I have determined that these accidents are occurring because of the faulty designs of the major safety equipment, inadequate maintenance, and a lack of proper procedures for conducting the safety drills. We had previously written about Royal Caribbean’s Harmony of the Seas, the largest cruise ship in the world. It measures about the length of four football fields, and is longer than the height of the Eiffel Tower, carrying 6,780 passengers and 2,100 crew members.

Although this is a brand-new cruise ship, apparently the lifeboat failed during an attempted lifeboat safety drill, breaking loose from its apparatus, falling 33 feet (10 meters) into the sea, resulting in the death of one 42- year-old Filipino cruise ship crew member and four others catastrophically injured.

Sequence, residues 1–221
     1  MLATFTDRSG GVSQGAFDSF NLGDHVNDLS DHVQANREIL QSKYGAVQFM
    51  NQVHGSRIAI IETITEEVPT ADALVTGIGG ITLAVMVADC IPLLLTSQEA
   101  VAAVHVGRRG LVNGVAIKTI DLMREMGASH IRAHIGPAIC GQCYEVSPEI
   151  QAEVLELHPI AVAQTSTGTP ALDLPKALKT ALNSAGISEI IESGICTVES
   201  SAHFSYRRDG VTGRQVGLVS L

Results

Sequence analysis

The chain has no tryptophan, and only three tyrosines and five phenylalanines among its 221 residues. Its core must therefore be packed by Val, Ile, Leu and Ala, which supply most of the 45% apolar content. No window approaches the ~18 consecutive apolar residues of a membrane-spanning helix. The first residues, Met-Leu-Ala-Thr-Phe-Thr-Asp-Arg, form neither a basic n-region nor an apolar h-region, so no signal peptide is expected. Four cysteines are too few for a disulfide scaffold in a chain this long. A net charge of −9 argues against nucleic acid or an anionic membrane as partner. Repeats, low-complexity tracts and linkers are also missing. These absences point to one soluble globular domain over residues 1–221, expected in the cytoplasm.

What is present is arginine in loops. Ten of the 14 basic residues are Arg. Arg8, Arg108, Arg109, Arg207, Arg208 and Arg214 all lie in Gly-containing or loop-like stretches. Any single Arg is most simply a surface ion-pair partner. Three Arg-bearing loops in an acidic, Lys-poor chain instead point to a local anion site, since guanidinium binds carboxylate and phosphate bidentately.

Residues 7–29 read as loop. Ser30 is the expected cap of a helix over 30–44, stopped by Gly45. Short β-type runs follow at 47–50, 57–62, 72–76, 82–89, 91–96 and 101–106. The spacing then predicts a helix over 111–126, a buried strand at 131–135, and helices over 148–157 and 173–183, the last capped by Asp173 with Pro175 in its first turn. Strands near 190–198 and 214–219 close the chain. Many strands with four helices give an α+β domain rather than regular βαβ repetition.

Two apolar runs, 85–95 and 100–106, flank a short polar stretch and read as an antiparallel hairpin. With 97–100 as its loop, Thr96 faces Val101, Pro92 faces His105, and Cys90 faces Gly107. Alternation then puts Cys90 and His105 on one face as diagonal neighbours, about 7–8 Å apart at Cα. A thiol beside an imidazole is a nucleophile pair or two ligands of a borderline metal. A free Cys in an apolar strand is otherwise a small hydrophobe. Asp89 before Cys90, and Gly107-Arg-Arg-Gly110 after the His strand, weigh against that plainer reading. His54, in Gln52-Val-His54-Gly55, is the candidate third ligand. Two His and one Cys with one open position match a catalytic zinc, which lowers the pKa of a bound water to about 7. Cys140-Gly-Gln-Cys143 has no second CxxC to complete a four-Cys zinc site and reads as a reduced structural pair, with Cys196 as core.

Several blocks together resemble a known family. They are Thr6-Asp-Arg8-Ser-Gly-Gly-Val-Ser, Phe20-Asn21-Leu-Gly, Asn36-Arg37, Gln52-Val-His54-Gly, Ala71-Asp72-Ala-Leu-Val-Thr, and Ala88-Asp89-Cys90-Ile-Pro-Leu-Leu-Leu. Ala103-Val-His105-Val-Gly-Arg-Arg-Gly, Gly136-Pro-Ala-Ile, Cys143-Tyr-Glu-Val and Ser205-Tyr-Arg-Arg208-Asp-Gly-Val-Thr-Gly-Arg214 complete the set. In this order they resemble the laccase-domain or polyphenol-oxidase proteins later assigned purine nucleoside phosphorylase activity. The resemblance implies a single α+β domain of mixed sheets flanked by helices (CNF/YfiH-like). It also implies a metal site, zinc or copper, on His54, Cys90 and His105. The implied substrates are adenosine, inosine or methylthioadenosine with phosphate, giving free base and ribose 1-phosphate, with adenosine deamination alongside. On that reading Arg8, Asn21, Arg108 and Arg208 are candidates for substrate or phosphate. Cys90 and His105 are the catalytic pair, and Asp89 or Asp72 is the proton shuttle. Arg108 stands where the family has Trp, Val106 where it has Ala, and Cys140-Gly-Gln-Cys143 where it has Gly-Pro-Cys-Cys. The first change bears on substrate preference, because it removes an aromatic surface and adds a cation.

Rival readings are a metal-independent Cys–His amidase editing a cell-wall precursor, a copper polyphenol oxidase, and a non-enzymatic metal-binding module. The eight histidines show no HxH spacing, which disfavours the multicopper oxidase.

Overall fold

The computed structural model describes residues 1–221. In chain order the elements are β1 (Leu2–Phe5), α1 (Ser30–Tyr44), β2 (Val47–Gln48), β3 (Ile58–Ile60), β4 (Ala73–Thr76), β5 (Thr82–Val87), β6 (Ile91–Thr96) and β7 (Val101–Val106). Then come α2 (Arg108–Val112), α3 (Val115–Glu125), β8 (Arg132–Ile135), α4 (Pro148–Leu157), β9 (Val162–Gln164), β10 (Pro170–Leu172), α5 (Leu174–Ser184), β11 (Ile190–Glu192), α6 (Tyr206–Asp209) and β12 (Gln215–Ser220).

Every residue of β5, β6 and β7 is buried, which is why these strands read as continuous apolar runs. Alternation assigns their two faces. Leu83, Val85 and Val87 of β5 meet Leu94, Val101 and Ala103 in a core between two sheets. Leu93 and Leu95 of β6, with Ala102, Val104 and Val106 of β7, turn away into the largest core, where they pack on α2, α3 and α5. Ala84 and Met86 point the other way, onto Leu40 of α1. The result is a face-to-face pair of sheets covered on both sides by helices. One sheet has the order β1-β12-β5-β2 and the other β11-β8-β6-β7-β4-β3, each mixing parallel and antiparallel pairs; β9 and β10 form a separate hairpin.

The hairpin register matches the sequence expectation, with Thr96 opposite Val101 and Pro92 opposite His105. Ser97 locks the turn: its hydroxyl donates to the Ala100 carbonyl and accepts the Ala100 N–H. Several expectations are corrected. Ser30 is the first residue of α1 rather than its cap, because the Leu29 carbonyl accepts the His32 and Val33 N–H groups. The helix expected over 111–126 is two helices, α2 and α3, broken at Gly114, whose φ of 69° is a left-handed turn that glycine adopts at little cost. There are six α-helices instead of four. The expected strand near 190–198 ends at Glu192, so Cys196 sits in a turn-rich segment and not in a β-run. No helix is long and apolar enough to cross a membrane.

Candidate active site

As previously reported, the Royal Caribbean cruise ship the Anthem of the Seas suffered damages, and caused personal injuries to passengers, when the cruise ship was navigated into the path of a severe storm. The ship was reported to list (tilted) almost completely on its side. Experts state that this storm was forecasted, and question the cruise ship company’s decision to head into the area. The cruise line defends its actions saying the storm was worse than it was forecasted, and had it known that the winds would get so strong they would never have directed the cruise ship into the area.

storm cloudsI have previously written about the decision of cruise ship companies to not cancel cruises despite forecasted storms. It is very costly to the cruise line to cancel a cruise or change its itinerary, and my experience in handling maritime cases over the past 30 years has been that the cruise line does what it can to avoid this. The companies believe their mega  ships can withstand any type of weather, and take its chances that it will simply be an uncomfortable ride for its passengers.